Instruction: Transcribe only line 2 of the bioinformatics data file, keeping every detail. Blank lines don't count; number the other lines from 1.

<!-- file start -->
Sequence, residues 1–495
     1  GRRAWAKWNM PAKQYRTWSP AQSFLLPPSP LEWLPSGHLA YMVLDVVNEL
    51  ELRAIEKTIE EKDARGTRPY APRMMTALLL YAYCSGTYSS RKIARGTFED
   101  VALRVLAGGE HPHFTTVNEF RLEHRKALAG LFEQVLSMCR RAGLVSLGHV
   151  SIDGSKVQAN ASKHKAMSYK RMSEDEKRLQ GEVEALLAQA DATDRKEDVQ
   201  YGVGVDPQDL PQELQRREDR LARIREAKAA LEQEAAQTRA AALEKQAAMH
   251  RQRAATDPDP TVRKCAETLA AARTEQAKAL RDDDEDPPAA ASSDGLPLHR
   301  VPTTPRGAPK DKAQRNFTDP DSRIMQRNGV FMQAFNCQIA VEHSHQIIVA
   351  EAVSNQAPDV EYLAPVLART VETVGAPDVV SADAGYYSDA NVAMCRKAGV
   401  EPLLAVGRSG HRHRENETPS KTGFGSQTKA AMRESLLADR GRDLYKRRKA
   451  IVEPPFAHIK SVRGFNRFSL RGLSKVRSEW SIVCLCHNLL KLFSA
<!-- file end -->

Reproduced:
     1  GRRAWAKWNM PAKQYRTWSP AQSFLLPPSP LEWLPSGHLA YMVLDVVNEL